What Makes An Authentic Buddhist?
9th April, 2013 –Gyuto Monastery, Dharamsala.
Meeting recently with a private group of 300 advanced Mahamudra students, the Gyalwang Karmapa explored what it means to be an authentic Buddhist. The group of international students had travelled to Gyuto Monastery to seek the Gyalwang Karmapa’s heart advice in an annual tradition, after recently receiving the Level 6 Mahamudra transmissions from Kyabje Tai Situ Rinpoche.
The Gyalwang Karmapa began his teaching by observing that it’s difficult if we merely call ourselves dharma practitioners or Buddhist followers in name, without really understanding the essence of being a true Buddhist. “Sometimes the most important thing is to be a good person, a good human being. This is very important,” he began. Turning to himself as an example, the Gyalwang Karmapa continued, “For example, in terms of me myself, sometimes I think I’m a real Buddhist follower or a real Buddhist student, because I was born in a Buddhist family and raised in a Buddhist environment, in a monastery. I think I’m the real sort of Buddhist practitioner or follower. But if you really think carefully about it and discover, ‘Oh, maybe I’m a Buddhist practitioner or follower, but I’m not sure if I’m a good human being or not,’ then that is a little bit funny.”
Urging the students to cut to the core of being an authentic Buddhist, he continued, “So maybe the point is to confront ourselves with the question: am I really a good person, a good human being? Because that is what characterizes being an authentic Buddhist.”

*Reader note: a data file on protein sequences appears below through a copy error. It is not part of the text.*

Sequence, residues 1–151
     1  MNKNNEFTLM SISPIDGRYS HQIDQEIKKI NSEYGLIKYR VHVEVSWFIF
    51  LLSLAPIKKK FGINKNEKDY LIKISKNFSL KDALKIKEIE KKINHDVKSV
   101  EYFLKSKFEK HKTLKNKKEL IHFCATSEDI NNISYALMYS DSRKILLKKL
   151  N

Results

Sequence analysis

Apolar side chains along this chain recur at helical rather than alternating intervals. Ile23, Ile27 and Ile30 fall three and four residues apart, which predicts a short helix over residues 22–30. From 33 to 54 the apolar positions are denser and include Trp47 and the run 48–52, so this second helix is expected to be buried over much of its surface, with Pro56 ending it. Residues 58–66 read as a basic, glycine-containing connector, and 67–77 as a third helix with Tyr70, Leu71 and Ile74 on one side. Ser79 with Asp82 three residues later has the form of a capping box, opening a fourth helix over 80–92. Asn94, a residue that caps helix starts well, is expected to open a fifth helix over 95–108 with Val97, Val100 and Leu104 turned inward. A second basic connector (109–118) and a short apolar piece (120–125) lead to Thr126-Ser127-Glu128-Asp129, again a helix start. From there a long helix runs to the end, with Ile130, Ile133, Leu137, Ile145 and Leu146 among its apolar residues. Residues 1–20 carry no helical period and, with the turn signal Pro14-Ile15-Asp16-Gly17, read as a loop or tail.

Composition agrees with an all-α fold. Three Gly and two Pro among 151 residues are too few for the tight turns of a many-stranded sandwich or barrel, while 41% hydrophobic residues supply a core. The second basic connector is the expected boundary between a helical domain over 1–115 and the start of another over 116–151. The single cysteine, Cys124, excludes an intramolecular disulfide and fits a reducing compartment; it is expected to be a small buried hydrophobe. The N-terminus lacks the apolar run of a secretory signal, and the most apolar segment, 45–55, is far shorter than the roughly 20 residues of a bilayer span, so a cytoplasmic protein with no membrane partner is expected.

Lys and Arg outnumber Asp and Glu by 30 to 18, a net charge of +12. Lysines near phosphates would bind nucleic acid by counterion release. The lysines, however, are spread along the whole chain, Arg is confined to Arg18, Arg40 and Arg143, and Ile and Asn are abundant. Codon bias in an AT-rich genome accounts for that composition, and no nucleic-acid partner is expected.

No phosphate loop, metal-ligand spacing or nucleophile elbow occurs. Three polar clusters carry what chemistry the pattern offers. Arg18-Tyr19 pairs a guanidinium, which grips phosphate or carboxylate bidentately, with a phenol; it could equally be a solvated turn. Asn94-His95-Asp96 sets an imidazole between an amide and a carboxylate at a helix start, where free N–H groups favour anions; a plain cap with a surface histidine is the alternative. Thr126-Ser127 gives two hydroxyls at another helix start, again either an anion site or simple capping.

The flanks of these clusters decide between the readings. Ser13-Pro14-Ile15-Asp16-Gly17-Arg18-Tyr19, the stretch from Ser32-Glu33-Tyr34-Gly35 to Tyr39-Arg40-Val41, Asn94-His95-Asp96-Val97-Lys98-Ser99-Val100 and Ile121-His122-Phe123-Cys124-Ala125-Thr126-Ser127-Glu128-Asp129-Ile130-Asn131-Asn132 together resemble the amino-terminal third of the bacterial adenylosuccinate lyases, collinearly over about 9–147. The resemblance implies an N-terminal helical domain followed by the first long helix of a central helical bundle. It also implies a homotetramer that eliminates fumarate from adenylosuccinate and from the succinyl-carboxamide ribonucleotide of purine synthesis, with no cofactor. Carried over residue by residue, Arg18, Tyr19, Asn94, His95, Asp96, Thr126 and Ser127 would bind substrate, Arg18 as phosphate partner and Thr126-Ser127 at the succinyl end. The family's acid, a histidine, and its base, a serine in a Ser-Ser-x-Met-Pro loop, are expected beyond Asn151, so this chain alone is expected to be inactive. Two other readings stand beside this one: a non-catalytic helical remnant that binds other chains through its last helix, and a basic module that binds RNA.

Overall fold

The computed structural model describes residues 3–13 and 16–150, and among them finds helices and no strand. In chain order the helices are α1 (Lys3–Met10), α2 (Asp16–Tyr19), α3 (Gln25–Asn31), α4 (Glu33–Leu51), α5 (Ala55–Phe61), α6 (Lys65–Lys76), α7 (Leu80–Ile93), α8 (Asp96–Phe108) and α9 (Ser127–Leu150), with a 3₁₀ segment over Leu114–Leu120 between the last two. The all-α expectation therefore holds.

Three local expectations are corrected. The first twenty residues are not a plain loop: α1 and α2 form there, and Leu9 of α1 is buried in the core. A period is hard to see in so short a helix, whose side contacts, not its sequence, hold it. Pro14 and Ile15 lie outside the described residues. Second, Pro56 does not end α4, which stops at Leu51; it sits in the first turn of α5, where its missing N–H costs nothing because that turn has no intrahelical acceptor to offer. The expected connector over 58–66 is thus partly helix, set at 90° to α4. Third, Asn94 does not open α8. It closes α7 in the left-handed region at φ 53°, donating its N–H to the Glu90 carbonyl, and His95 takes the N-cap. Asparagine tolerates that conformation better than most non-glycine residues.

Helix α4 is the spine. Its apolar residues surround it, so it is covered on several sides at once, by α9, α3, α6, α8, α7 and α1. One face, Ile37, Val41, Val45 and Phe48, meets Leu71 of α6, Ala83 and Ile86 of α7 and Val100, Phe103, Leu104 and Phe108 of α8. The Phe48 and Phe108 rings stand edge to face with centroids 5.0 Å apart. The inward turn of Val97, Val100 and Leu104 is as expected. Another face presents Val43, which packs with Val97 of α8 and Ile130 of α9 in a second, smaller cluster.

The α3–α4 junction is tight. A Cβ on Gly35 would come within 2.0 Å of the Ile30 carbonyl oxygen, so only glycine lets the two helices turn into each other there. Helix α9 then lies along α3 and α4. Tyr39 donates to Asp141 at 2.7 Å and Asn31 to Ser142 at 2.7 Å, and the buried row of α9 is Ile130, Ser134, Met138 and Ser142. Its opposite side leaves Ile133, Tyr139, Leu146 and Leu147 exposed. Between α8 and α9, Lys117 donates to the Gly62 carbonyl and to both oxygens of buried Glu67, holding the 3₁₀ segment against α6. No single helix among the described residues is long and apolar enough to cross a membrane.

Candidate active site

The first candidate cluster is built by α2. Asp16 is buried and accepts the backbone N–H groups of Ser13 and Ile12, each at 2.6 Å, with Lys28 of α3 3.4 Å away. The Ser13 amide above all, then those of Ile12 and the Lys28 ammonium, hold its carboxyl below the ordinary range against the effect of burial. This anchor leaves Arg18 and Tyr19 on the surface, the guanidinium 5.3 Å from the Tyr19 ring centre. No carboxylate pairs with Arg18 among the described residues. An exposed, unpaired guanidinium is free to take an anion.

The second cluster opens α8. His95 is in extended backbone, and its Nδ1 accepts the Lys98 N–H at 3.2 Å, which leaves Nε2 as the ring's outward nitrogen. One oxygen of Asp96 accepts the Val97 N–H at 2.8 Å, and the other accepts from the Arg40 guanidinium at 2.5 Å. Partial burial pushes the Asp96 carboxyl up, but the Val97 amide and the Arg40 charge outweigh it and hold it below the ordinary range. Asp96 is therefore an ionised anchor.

The Gyalwang Karmapa then returned to a key theme of his heart advice, that the essence of religion should be internal. He drew a clear distinction between merely following the external customs or traditions of religions, rather than the inner transformation of the mind. “We are involved in religious traditions with whatever degree of religiosity, and that means following certain traditions, or maybe more often they’re just customs. But does it mean that we should be steeped in the external customs and traditions? Should religion come from outside us? Or should it be something we invoke within ourselves and cultivate within ourselves?”
Urging the students gathered to put the instructions they’ve received into practice, the Gyalwang Karmapa offered his support. “I want to encourage all of you to continuously engage in the practice,” he said, “so that as long as you live you have this sense of determination and conviction to continue the practice.”